There is thus briefly summarized a safe, inexpensive, easy to use apparatus and methods of using the apparatus to support the head of a sleeping infant for preventing flat spots on the back of the infant's head, known as positional plagiocephaly. The invention will be further appreciated in light of the following drawings and detailed description.
FIG. 1 is a schematic elevational view of the head of an infant in a supine position.
FIG. 2 is a perspective view of the cranial suspension apparatus according to the invention.
FIG. 2A is a diagrammatic two-dimensional plan view representation of the length and width of the apparatus.
FIG. 2B is a diagrammatic two-dimensional elevational representation of the length and height of the apparatus.
FIG. 3 is a perspective view of the apparatus of FIG. 2 shown supporting the head of an infant.
FIG. 4 is a schematic two-dimensional representation of an infant's head supported on a line of netting to illustrate one aspect of the invention.
FIG. 1 shows the shoulders 8 and head 10 of an infant 11 in contact with a sleep surface 12 when the infant 11 is lying in the supine position, that is, lying on the back with the face upward. In this position, an area of the occiput 14 (back of the head 10) that contacts the sleep surface 12 may be abnormally formed or flattened. This may result in positional plagiocephaly or plagiocephaly without synostosis (PWS) resulting from localized loads on an area of the occiput 14 when the infant 11 is regularly placed on the sleep surface 12 in a supine position. The sleep surface 12 is broadly defined to encompass any substantially horizontal surface on which the infant 11 is placed in the supine position in a sleeping or waking state. The sleep surface 12 may thus include a table, a crib, a stroller, a mattress and so on.
With reference to FIG. 2 the cranial suspension apparatus 20 of the invention is shown. The apparatus 20 consists of a frame 22 for suspending a porous support material to be discussed below and the porous support material suspended thereon. The frame 22 is configured as a continuous asymmetric double U having a bottom portion 26 and a top portion 28, with the top portion 28 higher than the bottom portion 26. The bottom portion 26 is placed on the sleep surface 12 and the top portion 28 suspends the porous support material. This configuration allows less pressure in the area between the occipital region and the neck when an infant 11 is placed in the apparatus 20.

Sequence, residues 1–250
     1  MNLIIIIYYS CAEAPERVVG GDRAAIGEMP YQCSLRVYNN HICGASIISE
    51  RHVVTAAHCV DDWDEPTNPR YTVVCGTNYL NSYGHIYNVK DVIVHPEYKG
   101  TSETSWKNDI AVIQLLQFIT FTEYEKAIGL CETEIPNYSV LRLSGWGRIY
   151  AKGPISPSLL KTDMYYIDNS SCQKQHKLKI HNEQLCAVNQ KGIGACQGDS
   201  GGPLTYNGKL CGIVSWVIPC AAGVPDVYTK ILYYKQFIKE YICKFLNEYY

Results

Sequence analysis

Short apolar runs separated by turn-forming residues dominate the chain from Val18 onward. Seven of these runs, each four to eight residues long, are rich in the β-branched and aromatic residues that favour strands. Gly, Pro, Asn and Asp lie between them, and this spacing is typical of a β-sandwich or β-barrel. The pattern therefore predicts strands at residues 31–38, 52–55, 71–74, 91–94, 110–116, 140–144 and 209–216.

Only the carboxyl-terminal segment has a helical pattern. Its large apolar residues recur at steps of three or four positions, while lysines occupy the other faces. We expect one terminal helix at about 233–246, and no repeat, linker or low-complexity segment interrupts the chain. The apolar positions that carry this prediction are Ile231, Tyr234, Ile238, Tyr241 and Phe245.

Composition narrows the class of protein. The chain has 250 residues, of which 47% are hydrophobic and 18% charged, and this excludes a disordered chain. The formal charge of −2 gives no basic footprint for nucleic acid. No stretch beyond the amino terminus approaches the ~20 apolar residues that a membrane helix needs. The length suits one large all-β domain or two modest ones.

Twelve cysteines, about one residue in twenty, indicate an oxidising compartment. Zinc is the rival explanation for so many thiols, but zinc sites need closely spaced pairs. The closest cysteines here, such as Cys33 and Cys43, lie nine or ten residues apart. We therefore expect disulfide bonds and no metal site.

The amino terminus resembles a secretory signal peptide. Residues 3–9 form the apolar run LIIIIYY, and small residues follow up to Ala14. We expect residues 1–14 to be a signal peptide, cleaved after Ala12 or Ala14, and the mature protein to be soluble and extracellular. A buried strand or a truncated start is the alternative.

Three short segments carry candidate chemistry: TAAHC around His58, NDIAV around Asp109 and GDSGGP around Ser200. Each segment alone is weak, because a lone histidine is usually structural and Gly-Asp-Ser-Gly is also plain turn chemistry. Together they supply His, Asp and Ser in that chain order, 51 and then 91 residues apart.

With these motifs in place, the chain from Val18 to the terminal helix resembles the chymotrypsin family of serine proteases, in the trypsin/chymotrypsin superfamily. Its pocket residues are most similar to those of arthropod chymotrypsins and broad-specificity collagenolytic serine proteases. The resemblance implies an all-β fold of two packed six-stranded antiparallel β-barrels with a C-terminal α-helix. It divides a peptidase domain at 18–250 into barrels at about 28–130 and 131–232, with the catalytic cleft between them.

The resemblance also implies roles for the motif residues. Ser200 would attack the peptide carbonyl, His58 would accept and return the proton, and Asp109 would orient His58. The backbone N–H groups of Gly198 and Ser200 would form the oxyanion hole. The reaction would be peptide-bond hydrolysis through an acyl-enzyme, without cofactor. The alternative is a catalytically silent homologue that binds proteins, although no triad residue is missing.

As best shown in FIG. 2A, the frame 22 is about ten inches to about fourteen inches in length L, preferably about eleven inches, and is about ten inches to about fourteen inches in width W, preferably about twelve inches. As best shown in FIG. 2B, the frame height is about two and one-half inches H1 at the end 30 nearest the infant's 11 shoulders 8, and the height is about four inches H2 at the end 32 farthest from the infant's 11 shoulders 8. The apparatus 20 having the aforementioned dimensions has several advantages. The apparatus 20 will accommodate an infant 11 from birth to about four months of age and thus supports the head 10 during the period when positional intervention is most likely to be successful in preventing PWS. Another advantage is that the apparatus 20 will fit on most sleep surfaces 12. An additional advantage is that the apparatus 20 is easily portable and thus can be conveniently transported for use on different sleep surfaces 12 so that consistent use of the apparatus 20 is facilitated.
While the frame 22 may be made of any material, a material that is rigid yet moldable and is safe and convenient for use with an infant 11 is desirable. For example, the frame may be made of plastic since plastic is rigid, can be injected molded, is easily cleaned, is lightweight and is inexpensive. Other materials for the frame 22, however, are possible. The frame 22 is preferably about 11/16 of an inch wide and about 1/4 of an inch thick.
The frame 22, either in its entirety or limited to the portion that does not contact the sleep surface 12, may be covered with a cover material 34, preferably in sleeve form. The cover material 34 may additionally cover a pad 36 placed over the frame 22 for cushioning the plastic or other rigid material of the frame 22. Thus the cover material 34 may serve a protective cushioning function for inadvertent contact of the head 10 of the infant 11 with the plastic or other rigid material of the frame 22. The cover material 34 is preferably aesthetically acceptable and easily laundered or cleaned and may be made of material commonly used in infant clothing such as cotton, flannel, etc. While the apparatus 20 will function without the optional cushioning pad 36 and cover material 34, these embodiments offer to the infant 11 and caregiver a sense of softness and protection against bumping therefrom.
The porous support material into which the head 10 of the infant 11 will be placed may be any flexible material with some degree of elasticity. In a preferred embodiment, the support material is a net 38 and the net 38 is preferably elastic. The net 38 is defined herein as an openwork fabric with threads 42 that are woven, knotted or twisted together at regular intervals to form a mesh or open weave structure 40. The threads 42 are non-interstitial areas that define interstices 44. Preferably, the sizes of the interstices 44 are not larger than about 1/8 of an inch. The net 38 is attached to the frame 22 in any manner that allows adjustment of the degree of tension and support from the net 38 while still maintaining secure attachment of the net 38 to the frame 22.